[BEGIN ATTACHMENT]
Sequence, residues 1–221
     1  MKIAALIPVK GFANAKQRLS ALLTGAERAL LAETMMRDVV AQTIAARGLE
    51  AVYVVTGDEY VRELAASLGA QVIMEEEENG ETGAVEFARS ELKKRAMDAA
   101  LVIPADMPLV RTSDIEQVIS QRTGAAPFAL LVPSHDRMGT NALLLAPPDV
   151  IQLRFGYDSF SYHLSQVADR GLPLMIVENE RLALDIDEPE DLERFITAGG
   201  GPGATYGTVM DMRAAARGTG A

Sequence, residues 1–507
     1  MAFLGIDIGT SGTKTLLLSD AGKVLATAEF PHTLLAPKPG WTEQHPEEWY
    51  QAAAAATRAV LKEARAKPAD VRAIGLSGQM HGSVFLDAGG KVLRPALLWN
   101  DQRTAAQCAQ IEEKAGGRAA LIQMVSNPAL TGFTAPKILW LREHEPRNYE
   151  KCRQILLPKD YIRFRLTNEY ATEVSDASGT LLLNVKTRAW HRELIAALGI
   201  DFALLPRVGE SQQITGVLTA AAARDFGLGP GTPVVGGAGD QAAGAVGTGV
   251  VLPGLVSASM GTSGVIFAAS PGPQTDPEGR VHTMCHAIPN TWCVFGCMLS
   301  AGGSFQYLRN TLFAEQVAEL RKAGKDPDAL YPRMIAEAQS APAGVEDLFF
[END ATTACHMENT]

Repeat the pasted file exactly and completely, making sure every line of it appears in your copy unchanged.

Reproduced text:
Sequence, residues 1–221
     1  MKIAALIPVK GFANAKQRLS ALLTGAERAL LAETMMRDVV AQTIAARGLE
    51  AVYVVTGDEY VRELAASLGA QVIMEEEENG ETGAVEFARS ELKKRAMDAA
   101  LVIPADMPLV RTSDIEQVIS QRTGAAPFAL LVPSHDRMGT NALLLAPPDV
   151  IQLRFGYDSF SYHLSQVADR GLPLMIVENE RLALDIDEPE DLERFITAGG
   201  GPGATYGTVM DMRAAARGTG A

Sequence, residues 1–507
     1  MAFLGIDIGT SGTKTLLLSD AGKVLATAEF PHTLLAPKPG WTEQHPEEWY
    51  QAAAAATRAV LKEARAKPAD VRAIGLSGQM HGSVFLDAGG KVLRPALLWN
   101  DQRTAAQCAQ IEEKAGGRAA LIQMVSNPAL TGFTAPKILW LREHEPRNYE
   151  KCRQILLPKD YIRFRLTNEY ATEVSDASGT LLLNVKTRAW HRELIAALGI
   201  DFALLPRVGE SQQITGVLTA AAARDFGLGP GTPVVGGAGD QAAGAVGTGV
   251  VLPGLVSASM GTSGVIFAAS PGPQTDPEGR VHTMCHAIPN TWCVFGCMLS
   301  AGGSFQYLRN TLFAEQVAEL RKAGKDPDAL YPRMIAEAQS APAGVEDLFF